Telemedicine is a nontraditional way of connecting patients to health care services via interactive video or digital consultation. In the midst of the COVID-19 pandemic, telemedicine is proving its value in connecting patients directly with their primary care provider to conveniently and safely assess them without patients’ having to set foot in a doctor’s office or urgent care clinic.
Reducing COVID-19 Exposures
The benefits of telemedicine during the COVID-19 pandemic include keeping physical interactions to a minimum. And while in-home testing for COVID-19 is not yet available, the expansion of telemedicine services allows health care providers to determine whether a patient is likely experiencing COVID-19 symptoms, assist in the coordination of testing, provide information on how to administer self-care and advise on home quarantine best practices if someone is infected. This widespread adoption may seem like a small step, but eliminating any exposure to the virus is critical to help reduce its spread to other patients, physicians and medical professionals. Moreover, reducing contact is critical for older individuals, people with underlying health conditions, or those who may have been exposed and are complying with stay‑at‑home mandates.
Telemedicine Making Sharp Gains
With the exponential adoption of digital devices and the growing expectation among patients that healthcare needs to be more convenient and accessible, telemedicine shows no signs of slowing down. In fact, COVID-19-related care has already resulted in over 900 million virtual visits in 2020 according to Forrester Research’s report on virtual care.
On March 4, the Telehealth Services During Certain Emergency Periods Act of 2020 expanded telemedicine by waiving Medicare’s geographical restrictions on telehealth during a public health emergency. The act has encouraged health systems to begin leveraging telemedicine in their own communities, allowing for critical care connections to expand in capacity to help facilitate access to in‑person care for those in critical need and to allow the majority of initial screenings to happen outside the hospital. In addition, the Coronavirus Aid, Relief, and Economic Security Act was enacted on March 19, providing a number of new health care-related provisions, including new and expanded telehealth flexibility.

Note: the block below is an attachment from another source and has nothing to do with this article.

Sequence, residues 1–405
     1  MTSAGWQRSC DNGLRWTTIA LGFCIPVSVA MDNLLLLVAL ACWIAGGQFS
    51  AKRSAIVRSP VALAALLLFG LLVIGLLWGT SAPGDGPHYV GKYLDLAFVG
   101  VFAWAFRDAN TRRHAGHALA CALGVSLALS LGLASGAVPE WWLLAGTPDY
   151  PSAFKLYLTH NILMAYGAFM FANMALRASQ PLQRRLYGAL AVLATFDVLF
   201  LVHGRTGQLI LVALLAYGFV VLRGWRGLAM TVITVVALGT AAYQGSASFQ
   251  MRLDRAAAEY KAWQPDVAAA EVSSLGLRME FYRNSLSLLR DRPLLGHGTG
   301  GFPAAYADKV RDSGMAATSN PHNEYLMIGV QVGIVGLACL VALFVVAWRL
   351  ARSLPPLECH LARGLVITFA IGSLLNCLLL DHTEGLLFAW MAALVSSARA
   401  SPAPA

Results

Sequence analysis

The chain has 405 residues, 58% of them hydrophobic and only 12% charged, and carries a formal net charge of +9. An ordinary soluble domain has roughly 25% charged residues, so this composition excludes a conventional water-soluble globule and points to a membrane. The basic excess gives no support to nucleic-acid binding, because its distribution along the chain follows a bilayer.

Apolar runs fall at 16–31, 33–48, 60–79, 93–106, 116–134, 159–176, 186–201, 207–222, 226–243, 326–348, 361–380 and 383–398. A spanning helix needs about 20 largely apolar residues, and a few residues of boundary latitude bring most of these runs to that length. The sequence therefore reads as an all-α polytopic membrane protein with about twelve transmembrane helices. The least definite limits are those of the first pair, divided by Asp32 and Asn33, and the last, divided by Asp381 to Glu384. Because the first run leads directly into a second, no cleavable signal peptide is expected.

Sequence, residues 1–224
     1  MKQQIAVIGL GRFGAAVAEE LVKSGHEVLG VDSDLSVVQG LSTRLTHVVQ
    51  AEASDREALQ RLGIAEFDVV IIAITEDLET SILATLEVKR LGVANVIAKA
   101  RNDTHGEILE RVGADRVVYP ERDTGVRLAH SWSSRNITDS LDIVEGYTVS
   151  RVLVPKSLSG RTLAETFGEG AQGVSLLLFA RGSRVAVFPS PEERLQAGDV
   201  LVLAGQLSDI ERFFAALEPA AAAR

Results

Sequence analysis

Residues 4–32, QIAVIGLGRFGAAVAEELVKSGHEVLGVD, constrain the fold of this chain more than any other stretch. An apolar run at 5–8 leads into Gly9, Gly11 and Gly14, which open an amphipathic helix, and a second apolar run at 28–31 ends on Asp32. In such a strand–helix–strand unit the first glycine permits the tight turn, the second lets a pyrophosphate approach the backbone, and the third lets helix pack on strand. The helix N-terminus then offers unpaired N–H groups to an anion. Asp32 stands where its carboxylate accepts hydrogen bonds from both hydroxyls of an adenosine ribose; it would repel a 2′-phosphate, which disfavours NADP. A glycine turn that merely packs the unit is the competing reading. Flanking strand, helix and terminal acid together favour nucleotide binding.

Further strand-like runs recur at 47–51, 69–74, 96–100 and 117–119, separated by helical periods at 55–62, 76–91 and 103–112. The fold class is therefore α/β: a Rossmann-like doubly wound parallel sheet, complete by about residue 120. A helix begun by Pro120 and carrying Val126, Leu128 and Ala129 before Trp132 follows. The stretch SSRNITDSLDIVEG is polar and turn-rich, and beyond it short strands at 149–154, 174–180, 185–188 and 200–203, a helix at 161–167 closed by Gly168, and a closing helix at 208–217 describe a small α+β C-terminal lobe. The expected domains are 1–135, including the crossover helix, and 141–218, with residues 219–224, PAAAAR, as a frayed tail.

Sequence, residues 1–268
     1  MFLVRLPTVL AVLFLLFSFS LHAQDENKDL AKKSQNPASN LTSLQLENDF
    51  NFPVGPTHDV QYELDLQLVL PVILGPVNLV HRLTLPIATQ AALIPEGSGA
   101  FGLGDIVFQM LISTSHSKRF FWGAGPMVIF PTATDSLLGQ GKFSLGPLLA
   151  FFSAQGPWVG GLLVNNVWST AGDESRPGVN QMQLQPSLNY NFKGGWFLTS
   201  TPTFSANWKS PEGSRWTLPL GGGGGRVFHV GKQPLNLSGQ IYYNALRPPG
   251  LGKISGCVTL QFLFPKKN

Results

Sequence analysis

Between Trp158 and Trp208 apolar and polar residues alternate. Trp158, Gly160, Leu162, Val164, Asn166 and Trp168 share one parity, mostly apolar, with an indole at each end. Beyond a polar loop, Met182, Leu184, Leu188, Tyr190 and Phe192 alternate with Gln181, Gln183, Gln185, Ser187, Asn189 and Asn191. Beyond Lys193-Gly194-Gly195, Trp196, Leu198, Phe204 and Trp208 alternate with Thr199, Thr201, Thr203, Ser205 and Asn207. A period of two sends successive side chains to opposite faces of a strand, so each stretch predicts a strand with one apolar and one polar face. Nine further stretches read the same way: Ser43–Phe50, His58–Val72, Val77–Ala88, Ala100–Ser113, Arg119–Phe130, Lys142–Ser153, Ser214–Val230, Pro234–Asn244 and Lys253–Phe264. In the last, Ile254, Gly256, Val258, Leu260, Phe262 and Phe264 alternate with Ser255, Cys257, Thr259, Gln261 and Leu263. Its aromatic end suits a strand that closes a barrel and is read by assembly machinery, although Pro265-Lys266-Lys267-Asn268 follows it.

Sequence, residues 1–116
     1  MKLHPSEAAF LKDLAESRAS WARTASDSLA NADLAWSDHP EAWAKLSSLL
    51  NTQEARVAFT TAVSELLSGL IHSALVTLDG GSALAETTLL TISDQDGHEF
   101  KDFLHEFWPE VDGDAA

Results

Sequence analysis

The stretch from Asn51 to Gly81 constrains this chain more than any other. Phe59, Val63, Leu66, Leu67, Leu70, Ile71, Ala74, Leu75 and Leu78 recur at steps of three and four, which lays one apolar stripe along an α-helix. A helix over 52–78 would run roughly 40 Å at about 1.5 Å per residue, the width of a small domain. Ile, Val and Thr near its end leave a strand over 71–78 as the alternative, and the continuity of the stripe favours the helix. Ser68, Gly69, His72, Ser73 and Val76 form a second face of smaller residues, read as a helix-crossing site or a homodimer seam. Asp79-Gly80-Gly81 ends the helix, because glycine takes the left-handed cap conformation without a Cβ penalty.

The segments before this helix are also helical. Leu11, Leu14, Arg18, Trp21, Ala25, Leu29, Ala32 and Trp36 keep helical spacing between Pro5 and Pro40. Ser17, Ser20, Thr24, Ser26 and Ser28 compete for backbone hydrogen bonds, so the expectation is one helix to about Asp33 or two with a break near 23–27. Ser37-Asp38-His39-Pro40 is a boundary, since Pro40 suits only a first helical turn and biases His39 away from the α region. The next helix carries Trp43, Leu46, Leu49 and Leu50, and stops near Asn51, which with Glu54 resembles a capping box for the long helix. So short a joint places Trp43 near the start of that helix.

As of today’s date, some health systems have already begun offering virtual screening for COVID-19. In fact, Spectrum Health, based in Grand Rapids, Michigan, started free telemedicine screening & assessments for COVID‑19 patients in late March.
Three of the top benefits for telemedicine screening are:
- It’s an easy way for patients to get tested without the worry of being exposed to COVID-19.
- It prevents low-risk patients from inundating already packed health care facilities.
- It allows for triaging of patients at home rather than in an emergency room or a clinic, where other people could become infected.
At Worldwide Facilities LLC, we are committed to providing our retail brokers who work with clients in the health care industry with the insurance products and resources needed to better manage risks. To learn more, please contact Eric Sawyer at email@example.com or 206-538-5082.
For brokers serving the healthcare industry, it is important for your clients to understand the rules, consider the laws and stay informed when it comes to telemedicine compliance. For additional information, read our Special Report: Will COVID-19 Be the Moment of Truth for Telemedicine?